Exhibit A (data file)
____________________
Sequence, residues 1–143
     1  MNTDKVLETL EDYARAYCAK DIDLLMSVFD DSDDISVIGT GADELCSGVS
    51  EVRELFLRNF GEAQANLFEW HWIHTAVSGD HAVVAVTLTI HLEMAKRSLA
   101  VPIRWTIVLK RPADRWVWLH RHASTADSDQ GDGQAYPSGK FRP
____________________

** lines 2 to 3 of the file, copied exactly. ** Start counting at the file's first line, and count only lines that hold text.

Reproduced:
     1  MNTDKVLETL EDYARAYCAK DIDLLMSVFD DSDDISVIGT GADELCSGVS
    51  EVRELFLRNF GEAQANLFEW HWIHTAVSGD HAVVAVTLTI HLEMAKRSLA